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50% of FHBs bought property to escape ‘revolving rental train’

 

 

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50% of FHBs bought property to escape ‘revolving rental train’

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Francesca Krakue 2 minute read

Not paying rent was the key motivator for getting onto the property ladder for nearly half of all Australian first home buyers, new research has found.

According to Mortgage Choice and CoreData’s Evolving Great Australian Dream report, 48.8 per cent of first home buyers entered the property market in a bid to get off the “revolving rental train”.

The research showed that this outweighed some of the other reasons why first home buyers chose to buy property, which included: being able to afford it (30.9 per cent), reaching a certain age (28.5 per cent), having children (18.7 per cent) and finding the right place (18.7 per cent).

Commenting on the findings, Mortgage Choice chief executive officer John Flavell said he wasn’t surprised and understood that many Australians would prefer to pay down their own mortgage rather than another person’s home loan.

“While renting can often be a cheaper alternative to buying a home, and making the regular mortgage repayments, that money is only going towards your living arrangements and someone else’s mortgage, rather than a tangible asset that you own,” he said.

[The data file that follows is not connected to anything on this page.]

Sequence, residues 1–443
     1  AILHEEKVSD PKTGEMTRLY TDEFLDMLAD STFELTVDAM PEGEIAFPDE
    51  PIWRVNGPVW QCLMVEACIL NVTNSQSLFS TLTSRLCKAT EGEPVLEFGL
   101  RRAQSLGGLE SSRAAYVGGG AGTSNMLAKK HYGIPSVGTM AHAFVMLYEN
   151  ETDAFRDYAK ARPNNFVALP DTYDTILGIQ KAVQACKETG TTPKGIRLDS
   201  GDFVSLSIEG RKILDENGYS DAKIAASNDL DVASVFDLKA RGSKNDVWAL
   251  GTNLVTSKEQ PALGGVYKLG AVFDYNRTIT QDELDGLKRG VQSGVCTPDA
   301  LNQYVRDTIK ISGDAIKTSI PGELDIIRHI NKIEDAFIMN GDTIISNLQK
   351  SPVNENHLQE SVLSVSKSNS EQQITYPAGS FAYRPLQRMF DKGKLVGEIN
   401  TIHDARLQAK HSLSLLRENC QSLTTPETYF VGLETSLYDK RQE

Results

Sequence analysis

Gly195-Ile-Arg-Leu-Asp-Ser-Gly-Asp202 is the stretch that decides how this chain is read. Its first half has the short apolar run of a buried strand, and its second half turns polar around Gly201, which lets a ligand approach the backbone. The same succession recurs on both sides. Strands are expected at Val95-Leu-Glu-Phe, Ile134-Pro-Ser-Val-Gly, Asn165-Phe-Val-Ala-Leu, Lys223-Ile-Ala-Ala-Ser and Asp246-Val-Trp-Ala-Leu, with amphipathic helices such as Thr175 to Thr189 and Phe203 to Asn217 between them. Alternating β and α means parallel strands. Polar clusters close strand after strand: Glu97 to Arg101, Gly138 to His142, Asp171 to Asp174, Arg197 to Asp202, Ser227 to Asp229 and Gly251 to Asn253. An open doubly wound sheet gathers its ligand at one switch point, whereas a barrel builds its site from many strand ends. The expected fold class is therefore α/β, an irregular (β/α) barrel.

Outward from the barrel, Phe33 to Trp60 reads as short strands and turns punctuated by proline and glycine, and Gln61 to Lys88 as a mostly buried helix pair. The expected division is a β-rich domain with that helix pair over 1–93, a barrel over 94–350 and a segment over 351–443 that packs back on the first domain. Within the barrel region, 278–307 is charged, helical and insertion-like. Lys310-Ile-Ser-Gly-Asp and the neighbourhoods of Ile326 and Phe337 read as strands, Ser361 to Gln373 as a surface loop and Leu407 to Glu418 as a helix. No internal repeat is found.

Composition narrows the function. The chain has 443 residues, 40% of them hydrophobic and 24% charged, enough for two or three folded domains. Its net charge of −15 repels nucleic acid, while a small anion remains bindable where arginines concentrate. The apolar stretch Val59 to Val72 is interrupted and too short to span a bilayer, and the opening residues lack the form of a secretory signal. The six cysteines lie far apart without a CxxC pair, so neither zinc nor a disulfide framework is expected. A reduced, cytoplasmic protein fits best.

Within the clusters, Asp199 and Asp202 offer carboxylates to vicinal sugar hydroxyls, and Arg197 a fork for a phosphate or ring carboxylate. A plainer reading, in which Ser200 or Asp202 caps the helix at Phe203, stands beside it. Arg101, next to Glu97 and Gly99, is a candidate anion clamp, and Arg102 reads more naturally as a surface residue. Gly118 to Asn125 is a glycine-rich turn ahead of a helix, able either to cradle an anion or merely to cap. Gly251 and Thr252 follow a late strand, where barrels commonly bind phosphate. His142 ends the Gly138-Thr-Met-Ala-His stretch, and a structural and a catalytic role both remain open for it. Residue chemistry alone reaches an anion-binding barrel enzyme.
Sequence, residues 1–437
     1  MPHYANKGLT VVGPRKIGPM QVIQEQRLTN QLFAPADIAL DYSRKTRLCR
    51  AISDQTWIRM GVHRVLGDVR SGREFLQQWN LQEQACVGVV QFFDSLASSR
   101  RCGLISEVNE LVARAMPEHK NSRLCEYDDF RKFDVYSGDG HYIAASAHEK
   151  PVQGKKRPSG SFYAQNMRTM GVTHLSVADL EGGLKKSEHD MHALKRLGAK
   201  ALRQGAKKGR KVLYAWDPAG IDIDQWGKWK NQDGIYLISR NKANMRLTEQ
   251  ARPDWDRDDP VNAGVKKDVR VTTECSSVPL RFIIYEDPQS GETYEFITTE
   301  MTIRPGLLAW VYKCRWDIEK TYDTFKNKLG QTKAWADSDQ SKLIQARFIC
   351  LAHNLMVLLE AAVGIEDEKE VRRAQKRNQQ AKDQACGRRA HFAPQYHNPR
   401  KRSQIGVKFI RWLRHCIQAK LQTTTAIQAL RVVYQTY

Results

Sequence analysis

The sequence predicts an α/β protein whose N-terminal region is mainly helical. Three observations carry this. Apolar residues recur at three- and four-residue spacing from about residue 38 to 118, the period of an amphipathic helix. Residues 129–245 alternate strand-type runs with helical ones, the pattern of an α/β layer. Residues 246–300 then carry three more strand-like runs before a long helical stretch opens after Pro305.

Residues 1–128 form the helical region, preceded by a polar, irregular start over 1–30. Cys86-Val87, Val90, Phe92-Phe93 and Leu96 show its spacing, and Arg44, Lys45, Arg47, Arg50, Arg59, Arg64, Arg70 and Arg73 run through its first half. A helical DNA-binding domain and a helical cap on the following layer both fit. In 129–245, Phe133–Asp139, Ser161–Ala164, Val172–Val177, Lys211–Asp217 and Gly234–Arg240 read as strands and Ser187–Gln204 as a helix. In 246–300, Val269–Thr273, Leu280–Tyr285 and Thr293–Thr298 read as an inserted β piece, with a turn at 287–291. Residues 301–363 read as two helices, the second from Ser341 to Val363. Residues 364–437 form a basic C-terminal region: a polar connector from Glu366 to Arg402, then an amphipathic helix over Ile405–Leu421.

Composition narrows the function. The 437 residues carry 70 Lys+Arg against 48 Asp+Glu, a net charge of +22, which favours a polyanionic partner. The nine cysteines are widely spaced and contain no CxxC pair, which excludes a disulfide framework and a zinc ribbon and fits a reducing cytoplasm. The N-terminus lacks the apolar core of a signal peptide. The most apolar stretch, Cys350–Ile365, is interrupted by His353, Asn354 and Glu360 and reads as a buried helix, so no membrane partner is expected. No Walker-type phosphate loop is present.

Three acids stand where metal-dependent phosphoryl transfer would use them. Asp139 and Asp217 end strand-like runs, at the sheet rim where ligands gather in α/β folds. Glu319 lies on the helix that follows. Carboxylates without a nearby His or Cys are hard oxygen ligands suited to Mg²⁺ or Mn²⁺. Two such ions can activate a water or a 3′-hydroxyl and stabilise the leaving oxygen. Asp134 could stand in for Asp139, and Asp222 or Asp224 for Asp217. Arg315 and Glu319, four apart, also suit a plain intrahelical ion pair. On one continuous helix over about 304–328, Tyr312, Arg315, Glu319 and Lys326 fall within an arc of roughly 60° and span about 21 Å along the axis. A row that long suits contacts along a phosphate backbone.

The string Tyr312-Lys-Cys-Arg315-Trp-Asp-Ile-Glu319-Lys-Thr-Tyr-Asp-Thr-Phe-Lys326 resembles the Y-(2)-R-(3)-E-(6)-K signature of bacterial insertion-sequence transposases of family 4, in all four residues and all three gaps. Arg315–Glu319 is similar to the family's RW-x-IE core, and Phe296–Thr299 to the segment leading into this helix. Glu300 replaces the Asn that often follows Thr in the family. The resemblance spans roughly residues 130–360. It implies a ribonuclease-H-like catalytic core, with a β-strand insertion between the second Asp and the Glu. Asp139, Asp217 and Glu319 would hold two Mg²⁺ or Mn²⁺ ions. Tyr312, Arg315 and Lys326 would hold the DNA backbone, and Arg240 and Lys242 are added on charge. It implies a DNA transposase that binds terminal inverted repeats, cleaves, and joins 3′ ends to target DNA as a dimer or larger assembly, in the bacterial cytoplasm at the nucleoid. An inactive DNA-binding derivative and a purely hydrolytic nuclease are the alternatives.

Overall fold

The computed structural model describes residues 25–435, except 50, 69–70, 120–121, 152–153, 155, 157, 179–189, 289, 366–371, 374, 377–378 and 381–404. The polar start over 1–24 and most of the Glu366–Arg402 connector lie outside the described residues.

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“Based on a back-of-envelope calculation, if you were to buy a median-priced house in Melbourne for $620,000 and borrow 80 per cent of the property price, your monthly repayments on a 30-year, principal and interest home loan with an interest rate of 3.79 per cent per annum, would be $2,308.

“Meanwhile, data from CoreLogic shows the median rental price for a house in Melbourne is $400 a week, or approximately $1,730 a month. So, for an extra $578 a month, you could own a property and be using your income to build a portfolio of assets.”

Mr Flavell emphasised that there is no right or wrong decision when it comes to buying and owning property versus renting.

However, he highlighted that property, albeit a substantial financial commitment, had many long-term benefits.

“Property is a long-term investment that can potentially help you to future-proof your wealth,” he pointed out.

He also said that another option for first home buyers is to buy an investment property in an affordable suburb and rent in their preferred location.

“Rent-vesting is a great option for home buyers wanting to get onto the property ladder as they can still enjoy the benefits of home ownership, while living where they prefer,” he elaborated.
 
“Our research shows that in 2016, 36.1 per cent of investors were first home buyers, up from 20 per cent two years ago.
 
“Looking forward, we believe this figure will continue to grow as rent-vesting becomes more popular and buyers see it as a tangible way to get their foot on the property ladder sooner rather than later.”

[Related: NSW parents unlikely to help FHB children]

50% of FHBs bought property to escape ‘revolving rental train’
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